Gordon Craig – A Visionary and Broadcasting Pioneer

From humble beginnings in rural Manitoba, broadcasting pioneer Gordon Craig had an idea and a vision he was passionate about bringing to fruition.

As a teenager, Craig strived to get a proper education and find gainful employment.

When the Canadian Broadcasting Corporation (CBC) came to Manitoba in 1954, he was able to get a foot in the door through a family connection, and accepted a mailroom position.

From there, he was promoted from delivering mail to hanging lights in the studios to working the camera as part of the Canadian Football League (CFL) crew. It was here he decided that sports television was his true passion as he moved to Director, Producer and eventually to Toronto where he became the Head of Sports for CBC.

While with CBC, Craig planned and produced TV coverage for the 1976 Summer Olympics in Montreal and the Russia-Canada hockey tours in 1972 and 1974.

During the 1976 Olympics, Craig convinced senior management to cover the events 24/7, only breaking for news coverage, which eventually become the broadcasting standard for all future Olympic coverage in years to come.

In the early 1980s, Craig left CBC to pursue his dream. All he needed to do was find a company with deep pockets and a love of sports, and convince them that his idea would work in a country one-tenth the size of the U.S. with a relatively miniscule number of cabled homes. It was Peter Widdrington, then Chairman and CEO of Labatt, who gave him the chance. This turned out to be the “TSN Turning Point” for Craig to put the wheels in motion on his vision.

On September 1, 1984, TSN was born, with television sports coverage becoming immediately revolutionized in Canada. At first, TSN was a pay service, later moving to basic cable service.

Craig reminisced on that day very fondly, “We played the national anthem at noon Eastern. It’s the only time we played ‘O Canada,’ because we’ve never been off the air since.”

The Toronto Blue Jays signed to an exclusive package on TSN in 1984 and followed this up with a Montreal Expos package. TSN also supported the Special Olympics and provided coverage of the events.

From there, TSN proved to be a success, with the network gaining more than one million Canadian subscribers between 1984 and 1987. The Bureau of Broadcast Measurement found that more viewers watched TSN in the three-month period starting in January than any other pay-TV network.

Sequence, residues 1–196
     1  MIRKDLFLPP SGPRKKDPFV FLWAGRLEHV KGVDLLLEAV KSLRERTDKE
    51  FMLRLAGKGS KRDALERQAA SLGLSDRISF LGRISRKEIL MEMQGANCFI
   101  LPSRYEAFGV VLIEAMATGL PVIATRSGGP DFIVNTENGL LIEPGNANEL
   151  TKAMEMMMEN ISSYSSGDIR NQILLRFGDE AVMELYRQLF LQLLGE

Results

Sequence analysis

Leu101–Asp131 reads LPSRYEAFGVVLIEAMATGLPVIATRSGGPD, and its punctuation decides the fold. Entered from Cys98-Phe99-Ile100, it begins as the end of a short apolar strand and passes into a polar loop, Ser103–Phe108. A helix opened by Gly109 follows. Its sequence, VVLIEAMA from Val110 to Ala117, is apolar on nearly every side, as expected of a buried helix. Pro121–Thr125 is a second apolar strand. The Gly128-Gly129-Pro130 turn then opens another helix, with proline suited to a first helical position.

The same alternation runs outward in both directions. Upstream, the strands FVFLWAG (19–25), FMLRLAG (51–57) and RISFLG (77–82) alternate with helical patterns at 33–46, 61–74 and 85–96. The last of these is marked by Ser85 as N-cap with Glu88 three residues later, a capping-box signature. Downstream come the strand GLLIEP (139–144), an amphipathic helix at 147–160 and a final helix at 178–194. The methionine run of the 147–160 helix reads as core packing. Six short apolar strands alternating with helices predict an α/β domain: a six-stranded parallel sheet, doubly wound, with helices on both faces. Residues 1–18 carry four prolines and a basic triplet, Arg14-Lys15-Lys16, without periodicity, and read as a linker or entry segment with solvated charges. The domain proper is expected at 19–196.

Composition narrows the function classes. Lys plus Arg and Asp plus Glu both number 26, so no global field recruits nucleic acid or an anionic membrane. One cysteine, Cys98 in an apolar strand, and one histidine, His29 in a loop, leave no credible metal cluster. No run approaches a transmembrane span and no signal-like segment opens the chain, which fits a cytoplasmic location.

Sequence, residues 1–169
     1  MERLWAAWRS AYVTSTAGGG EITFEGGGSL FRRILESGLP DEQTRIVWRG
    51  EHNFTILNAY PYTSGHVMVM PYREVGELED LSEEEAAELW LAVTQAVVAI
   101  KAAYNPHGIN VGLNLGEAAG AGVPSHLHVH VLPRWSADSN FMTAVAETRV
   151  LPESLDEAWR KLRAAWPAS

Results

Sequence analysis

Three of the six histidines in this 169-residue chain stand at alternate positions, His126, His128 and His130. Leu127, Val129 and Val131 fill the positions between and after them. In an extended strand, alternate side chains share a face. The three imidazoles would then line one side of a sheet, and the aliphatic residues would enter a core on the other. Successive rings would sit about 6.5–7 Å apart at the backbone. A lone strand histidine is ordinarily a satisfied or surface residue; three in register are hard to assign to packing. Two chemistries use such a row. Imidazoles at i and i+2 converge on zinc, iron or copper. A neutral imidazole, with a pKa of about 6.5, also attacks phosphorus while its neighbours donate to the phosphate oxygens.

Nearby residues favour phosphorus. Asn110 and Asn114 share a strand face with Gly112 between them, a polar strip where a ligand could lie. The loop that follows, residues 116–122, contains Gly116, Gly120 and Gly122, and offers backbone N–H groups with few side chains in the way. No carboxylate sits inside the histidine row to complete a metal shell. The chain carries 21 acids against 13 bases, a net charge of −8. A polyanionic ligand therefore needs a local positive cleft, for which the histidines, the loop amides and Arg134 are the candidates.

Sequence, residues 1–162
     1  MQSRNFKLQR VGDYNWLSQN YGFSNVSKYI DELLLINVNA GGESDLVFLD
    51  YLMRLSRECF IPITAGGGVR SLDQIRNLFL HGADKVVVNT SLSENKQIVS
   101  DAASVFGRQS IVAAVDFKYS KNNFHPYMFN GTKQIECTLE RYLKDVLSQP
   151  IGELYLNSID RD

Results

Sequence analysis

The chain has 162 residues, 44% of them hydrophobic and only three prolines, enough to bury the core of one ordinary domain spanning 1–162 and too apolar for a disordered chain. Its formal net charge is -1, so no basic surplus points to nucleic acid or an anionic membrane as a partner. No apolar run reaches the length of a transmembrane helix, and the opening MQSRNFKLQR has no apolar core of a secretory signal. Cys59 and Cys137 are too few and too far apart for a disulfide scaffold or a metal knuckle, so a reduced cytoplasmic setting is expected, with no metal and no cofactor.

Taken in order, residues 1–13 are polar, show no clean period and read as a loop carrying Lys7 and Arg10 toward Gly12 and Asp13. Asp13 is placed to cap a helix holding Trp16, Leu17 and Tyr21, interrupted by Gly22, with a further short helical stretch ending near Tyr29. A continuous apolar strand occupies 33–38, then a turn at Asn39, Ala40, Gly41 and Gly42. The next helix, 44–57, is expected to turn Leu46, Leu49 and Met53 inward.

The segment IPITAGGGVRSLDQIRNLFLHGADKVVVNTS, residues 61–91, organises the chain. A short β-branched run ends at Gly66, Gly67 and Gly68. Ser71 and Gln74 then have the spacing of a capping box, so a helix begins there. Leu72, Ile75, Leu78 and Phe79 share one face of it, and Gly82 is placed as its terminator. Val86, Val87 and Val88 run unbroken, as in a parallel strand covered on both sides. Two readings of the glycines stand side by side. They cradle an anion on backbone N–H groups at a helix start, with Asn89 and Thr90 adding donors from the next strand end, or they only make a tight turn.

When reflecting on TSN’s long-term success, Craig said there were two specific challenges facing him and his newly created network.

The first one was being able to televise NHL games and the second was having enough programming to keep Canadian viewers interested.

Craig acknowledged that you can’t be a Canadian sports network and not have hockey on your channel. With Craig’s network being owned by John Labatt Limited and the NHL television rights at that time owned by Molson Breweries, this made for some interesting negotiating obstacles early on.

After a series of meetings, Craig was able to get an agreement to begin with eight games as a starting point and over the years that number grew.

“Getting enough programming to satisfy the viewers…Looking back I think we were naïve about that. With a 24 hour schedule there was an enormous appetite for programming. With that commitment there was an enormous challenge to fill our schedules.”

In 1988, TSN became the first cable specialty service to cover the Olympic games, with 115 hours of coverage from Calgary. As a result of his success, Craig was considered as a possible replacement for Douglas Mitchell as the new commissioner of the CFL. Although he was not given the job, Craig was inducted into the Canadian Football Hall of Fame in recognition of his corporate support.

In 2014, Craig was named to the Order of Canada for his “pioneering contributions to sports broadcasting and for his dedication to the Canadian television industry.” In 2020, Craig was named one of the 50 most influential Toronto sporting figures of the past 50 years by Steve Simmons.